Finding Fulfillment

Through the messages we get on television and in magazine ads, we are encouraged to look for quick fixes. Of course they are not called quick fixes but merely purchases that are encouraged because they will make you look more attractive, be happier, feel better, smell better, and be more entertained, among other things. Years ago when I lived in England, I noticed that their television ads were mostly about healthy foods. For example, the dairy council was frequently advertising and advocating milk and eggs, and there were a lot of ads for wholesome breakfast cereals and fruits.

When I came back to the United States, I was amused to see that we seemed to be preoccupied with clean toilet bowls and underarm deodorant. I’m not sure if England is still promoting good foods, but in this country we have gone beyond toilet bowl cleaner and underarm deodorant. Now many of our ads tell us that if we take this or that pill, we will get slim, romantic, energetic, and/or a multitude of other conditions. Sometimes when you hear the side effects that these medications cause, they seem worse than the condition itself and the long-term effects may not be known for many years. Many of these medications are the quick fixes, and most of the time no mention is made of the slow payments that will be made for ignoring the basic health tenets of good nutrition, enough sleep, less stress, and exercise.

If we are looking for distractions from our lives, the quick fixes may include such things as cars, clothes, and trips, but the bad part about distractions is that these distractions only work for awhile. Then they become old hat and we need the next thing. These things may be quick fixes, but the debt incurred requires slow payments.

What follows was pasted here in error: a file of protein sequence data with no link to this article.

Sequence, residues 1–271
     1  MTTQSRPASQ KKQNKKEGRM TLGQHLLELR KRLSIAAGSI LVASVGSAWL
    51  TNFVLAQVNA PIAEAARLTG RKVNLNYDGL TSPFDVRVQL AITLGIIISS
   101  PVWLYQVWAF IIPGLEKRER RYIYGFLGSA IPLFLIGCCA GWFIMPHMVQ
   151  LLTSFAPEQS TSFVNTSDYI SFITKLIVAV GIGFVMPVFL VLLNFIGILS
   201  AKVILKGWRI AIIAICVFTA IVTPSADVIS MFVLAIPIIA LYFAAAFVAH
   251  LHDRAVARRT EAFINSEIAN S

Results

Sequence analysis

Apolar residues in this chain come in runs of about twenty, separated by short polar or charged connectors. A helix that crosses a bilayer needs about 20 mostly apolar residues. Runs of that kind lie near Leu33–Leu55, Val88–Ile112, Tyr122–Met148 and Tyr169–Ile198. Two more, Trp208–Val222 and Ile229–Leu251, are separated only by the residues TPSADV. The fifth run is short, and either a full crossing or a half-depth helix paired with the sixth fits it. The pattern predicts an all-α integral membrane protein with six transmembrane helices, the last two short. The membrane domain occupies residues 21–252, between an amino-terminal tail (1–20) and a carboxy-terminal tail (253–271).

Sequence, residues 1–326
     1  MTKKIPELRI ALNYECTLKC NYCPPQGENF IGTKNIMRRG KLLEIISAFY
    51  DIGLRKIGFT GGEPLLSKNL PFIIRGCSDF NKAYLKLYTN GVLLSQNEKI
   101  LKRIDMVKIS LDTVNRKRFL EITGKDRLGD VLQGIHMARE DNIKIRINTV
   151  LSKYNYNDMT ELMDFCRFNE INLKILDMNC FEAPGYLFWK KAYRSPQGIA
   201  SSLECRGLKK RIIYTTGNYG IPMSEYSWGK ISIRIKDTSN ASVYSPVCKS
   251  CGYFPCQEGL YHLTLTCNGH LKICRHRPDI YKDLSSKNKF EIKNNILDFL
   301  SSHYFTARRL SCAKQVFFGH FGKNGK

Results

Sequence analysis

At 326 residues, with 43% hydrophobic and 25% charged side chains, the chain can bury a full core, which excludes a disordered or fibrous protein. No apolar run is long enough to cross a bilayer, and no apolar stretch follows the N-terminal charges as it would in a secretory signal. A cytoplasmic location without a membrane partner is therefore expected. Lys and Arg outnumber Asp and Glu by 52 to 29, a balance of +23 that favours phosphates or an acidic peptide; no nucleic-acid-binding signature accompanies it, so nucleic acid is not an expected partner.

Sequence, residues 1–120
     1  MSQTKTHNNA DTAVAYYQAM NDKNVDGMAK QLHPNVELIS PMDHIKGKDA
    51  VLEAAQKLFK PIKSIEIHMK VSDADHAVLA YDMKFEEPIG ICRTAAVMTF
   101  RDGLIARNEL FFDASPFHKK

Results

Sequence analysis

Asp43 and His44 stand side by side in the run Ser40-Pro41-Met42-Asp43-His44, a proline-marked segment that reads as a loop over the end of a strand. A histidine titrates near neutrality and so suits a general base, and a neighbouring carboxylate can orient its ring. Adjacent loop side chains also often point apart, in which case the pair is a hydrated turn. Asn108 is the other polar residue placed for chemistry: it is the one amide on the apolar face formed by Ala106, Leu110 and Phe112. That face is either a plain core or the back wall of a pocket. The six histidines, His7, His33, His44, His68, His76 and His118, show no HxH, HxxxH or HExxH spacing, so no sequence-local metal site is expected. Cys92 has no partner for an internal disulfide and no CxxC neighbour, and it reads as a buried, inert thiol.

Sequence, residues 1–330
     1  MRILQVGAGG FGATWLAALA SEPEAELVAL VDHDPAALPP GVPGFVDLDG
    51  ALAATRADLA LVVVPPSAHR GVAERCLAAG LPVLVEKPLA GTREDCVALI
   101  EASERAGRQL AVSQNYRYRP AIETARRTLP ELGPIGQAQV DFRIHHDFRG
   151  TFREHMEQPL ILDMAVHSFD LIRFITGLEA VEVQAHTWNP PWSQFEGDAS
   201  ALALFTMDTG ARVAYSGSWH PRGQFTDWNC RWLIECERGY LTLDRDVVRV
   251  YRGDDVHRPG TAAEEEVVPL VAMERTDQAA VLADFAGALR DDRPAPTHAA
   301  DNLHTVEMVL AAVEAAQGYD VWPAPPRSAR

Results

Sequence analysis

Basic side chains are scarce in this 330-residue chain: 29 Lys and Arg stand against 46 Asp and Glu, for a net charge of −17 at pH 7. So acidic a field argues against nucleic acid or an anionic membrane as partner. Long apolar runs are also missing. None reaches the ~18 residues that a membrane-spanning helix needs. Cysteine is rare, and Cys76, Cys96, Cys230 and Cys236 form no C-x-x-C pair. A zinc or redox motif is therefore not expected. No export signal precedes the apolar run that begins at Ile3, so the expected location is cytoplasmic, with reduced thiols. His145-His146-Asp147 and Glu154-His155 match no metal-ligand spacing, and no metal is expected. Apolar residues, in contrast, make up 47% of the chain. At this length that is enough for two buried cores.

I used to be curious about people who had serial marriages, those who were married four, five, six times, and more. Could you really marry that many people and get that intimately involved and leave over and over and over again? That’s not to say this is wrong if this is what you choose to do and others want to do with you; however, it seems as if there would be a lack of depth in these unions, since none of them could last long enough to develop the trust and commitment that goes with seeing one another through the ups and downs of life. Not to mention that sometimes divorcing one and marrying another right away over and over may be a quick fix, and lawyers and alimony may be the slow payment.

Many of these things are good things in and of themselves as long as they are not seen as the road to fulfillment. Far wiser minds than mine have said that the only true happiness comes from the happiness you get in everyday moments, the basics that we have in our everyday lives. These are the things that are with us daily, and these are the things that we can reach for in every moment. These are not the big highs that set us up for the big lows. These are the little everyday highs that buoy us up as we move through our days, the ones that come without the lows.

Some of these everyday treasures include enjoying friends and family, spending time in nature and appreciating the change of the seasons and the beauty and variety that each brings, loving your pets or listening to the wild birds and creatures of nature. These seemingly small things are with each and every one of us every day of our lives and are what joy comes from. The other trappings are a nice addition as long as our happiness doesn’t depend on them, but the basic core of our lives doesn’t really cost us anything but our loving attention.

This sounds so simple but it’s true. Fortunately, as we move through life, most of us find these simple pleasures take on more meaning with each passing year. How sweet it is!

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